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Clothing stories say more about writer than wearer

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LOS ANGELES — This week, a new wrinkle in the superficiality debate: If we can’t talk about a woman’s body or her face, can we at least obsessively catalogue her clothing choices and her haircuts? At the centre of the discussion is Maureen Dowd’s recent New York Times column on Hillary Clinton, in which she assesses the likelihood that Clinton will run for president in 2016: "Her new haircut sends a signal of shimmering intention," Dowd writes. "She has ditched the skinned-back bun that gave her the air of a K.G.B. villainess in a Bond movie and has a sleek new layered cut that looks modern and glamorous."

New York’s Jonathan Chait argues that clothes and haircuts are fair game for political criticism because that commentary amounts to "discussing Clinton’s actions and choices," not "evaluating her in a way that would fit in with a locker-room would-you-do-her session." Fashion is a meaningful pursuit that is worthy of criticism. But high heels and haircuts don’t mean what Dowd and Chait think they do. A woman’s choice of shoe doesn’t lend any insight into how she’ll run her business; her haircut does not portend how she’ll run her country. And we need to stop talking about them as if they do.

Along with former Washington Post fashion columnist Robin Givhan — who once wrote 800 words on the political import of Hillary Clinton’s cleavage — Dowd is one of the most flagrant over-thinkers of the clothing choices of powerful women. In this year’s columns alone, Dowd calls Yahoo CEO Marissa Mayer "the 37-year-old supergeek with the supermodel looks" with a spendy affinity for "Oscar de la Rentas." She describes Lean In as Facebook COO Sheryl Sandberg’s "grandiose plan to become the PowerPoint Pied Piper in Prada ankle boots reigniting the women’s revolution." In a piece lambasting President Barack Obama’s male-centred cabinet, Dowd makes just one fashion observation: In an official White House photograph stocked with white men, Valerie Jarrett is showing some leg. And then there’s Hillary’s "shimmering intention." Dowd habitually reads great symbolic relevance into these layers and heels. Marissa Mayer wears Oscar de la Renta, so she is out of touch with the needs of her company’s working parents — unlike CEOs who wear suits. Sheryl Sandberg’s Prada ankle boots peg her as elitist — unlike COOs who wear Prada loafers. Hillary Clinton’s haircut predicts whether she will run for president — unlike those cagey officials who keep their hair consistently cut just above the ears. The implication is that we can understand a woman just by looking at her.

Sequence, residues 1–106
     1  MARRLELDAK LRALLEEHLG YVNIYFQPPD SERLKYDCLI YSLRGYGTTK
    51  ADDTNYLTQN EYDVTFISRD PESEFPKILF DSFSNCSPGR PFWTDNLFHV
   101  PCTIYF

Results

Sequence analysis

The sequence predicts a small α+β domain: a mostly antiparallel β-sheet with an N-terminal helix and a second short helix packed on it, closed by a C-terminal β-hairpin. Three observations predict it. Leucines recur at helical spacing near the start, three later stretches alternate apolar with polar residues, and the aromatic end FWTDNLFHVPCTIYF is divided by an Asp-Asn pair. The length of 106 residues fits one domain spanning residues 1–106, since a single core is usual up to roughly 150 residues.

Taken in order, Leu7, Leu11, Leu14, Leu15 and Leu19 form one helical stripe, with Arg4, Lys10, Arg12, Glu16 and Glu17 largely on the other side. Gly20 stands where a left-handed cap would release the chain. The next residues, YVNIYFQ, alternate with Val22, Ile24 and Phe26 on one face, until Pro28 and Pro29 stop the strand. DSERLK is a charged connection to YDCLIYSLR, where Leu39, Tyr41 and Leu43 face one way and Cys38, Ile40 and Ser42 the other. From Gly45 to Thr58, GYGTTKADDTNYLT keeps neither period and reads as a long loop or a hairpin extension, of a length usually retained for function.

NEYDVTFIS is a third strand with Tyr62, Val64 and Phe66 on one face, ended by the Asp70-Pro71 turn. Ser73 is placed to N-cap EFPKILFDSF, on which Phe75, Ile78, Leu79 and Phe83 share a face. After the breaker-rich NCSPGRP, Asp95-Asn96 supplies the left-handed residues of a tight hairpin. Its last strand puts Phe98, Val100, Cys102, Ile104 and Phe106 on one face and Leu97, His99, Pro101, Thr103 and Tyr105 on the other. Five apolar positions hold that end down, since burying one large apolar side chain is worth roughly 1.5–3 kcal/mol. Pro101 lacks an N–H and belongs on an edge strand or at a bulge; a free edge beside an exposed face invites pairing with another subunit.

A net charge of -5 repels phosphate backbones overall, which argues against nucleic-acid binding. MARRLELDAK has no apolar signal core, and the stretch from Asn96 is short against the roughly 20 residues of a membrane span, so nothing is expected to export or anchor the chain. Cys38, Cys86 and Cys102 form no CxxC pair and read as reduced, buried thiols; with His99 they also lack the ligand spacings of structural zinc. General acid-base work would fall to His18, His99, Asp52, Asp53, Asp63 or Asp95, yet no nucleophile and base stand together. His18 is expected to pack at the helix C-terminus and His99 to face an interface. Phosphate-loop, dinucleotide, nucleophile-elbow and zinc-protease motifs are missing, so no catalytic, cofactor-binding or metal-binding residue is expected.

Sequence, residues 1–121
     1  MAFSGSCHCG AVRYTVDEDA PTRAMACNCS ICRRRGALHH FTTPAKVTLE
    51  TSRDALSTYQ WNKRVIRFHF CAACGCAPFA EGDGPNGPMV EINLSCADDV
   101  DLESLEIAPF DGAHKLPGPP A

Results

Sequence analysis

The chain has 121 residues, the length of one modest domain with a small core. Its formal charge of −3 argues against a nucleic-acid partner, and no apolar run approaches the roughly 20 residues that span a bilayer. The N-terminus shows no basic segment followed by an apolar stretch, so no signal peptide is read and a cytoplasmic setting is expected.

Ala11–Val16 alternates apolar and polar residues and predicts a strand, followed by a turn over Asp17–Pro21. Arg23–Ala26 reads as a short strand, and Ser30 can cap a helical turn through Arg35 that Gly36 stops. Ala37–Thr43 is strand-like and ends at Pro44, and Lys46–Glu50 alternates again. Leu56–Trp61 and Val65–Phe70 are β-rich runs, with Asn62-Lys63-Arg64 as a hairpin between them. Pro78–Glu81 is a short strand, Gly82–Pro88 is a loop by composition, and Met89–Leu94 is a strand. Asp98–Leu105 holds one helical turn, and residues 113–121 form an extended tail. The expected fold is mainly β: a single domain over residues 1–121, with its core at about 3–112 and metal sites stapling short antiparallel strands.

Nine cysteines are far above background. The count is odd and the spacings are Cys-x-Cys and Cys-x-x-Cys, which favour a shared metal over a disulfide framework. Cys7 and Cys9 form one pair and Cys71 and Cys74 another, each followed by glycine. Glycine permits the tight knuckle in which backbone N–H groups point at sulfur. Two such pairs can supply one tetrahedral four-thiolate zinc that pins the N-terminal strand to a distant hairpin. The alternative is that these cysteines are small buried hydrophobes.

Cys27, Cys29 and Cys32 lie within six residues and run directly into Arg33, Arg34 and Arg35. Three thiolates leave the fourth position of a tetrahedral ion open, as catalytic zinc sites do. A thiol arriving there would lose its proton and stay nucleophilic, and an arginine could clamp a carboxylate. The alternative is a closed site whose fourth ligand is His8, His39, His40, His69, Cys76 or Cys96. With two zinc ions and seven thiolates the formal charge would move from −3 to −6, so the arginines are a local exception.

If footwear and haircuts have the power to portend what corporate leaders and politicians think, it’s odd that these choices don’t play into Dowd’s 2013 columns on Dick Cheney, President Obama, Andrew Cuomo or George W. Bush. Granted, in one sit-down interview with Sen. Michael Bennet, Colo., this year, Dowd does note that he wears "a Jos. A. Bank plaid shirt, gray sweater and khakis." Dowd’s stunning sartorial insight: "[He] looks like the Yale law student he once was."

As reporters, we want to employ all of our powers of perception in order to tell full stories. But as commentators, we also need to understand the full context of what we’re looking at. In the United States, male politicians are set up with a pretty uniform dress code — dark suit, necktie, nondescript dress shoes — and it is never news. This is a code that evolved at a time when women did not run companies, states or government agencies. By the time they migrated out of the kitchen and the secretary pool, women had no default uniform that would help them blend seamlessly into these male-dominated worlds.

How every powerful woman chose to navigate that sartorial minefield became a reflection of her individual decision-making skills and thus code for her worth, her politics, and her feminism. Even seemingly mundane choices were seen as statements: Minnesota state Sen. Ellen Anderson was the first woman to wear pants on the Senate floor — in 1993. Hillary Clinton’s uniform of pantsuits (you know, a suit like a man wears, but for a woman) spawned endless think pieces. These wardrobes became the subject of political fascination not because the clothes gave any actual insight into these leaders as individuals, but because they reinforced the fact that they were women first and people second.

Thanks in part to commentators like Dowd, we’re still placing outsized attention on the way powerful women dress, and it’s still impossible for them to just "choose" their way out of it. If a man deviates too far from the set fashion script, he could get dinged for looking overly slovenly or flamboyant — and that’s a problem, too. But for women, there remains no outfit that will insulate her from speculation about what her choices really mean. Here’s a good rule of thumb for political commentators: The clothing you’re writing about says more about you than it does about her.

Amanda Hess is a writer and editor in Los Angeles. She blogs for DoubleX on sex, science, and health.

— Slate

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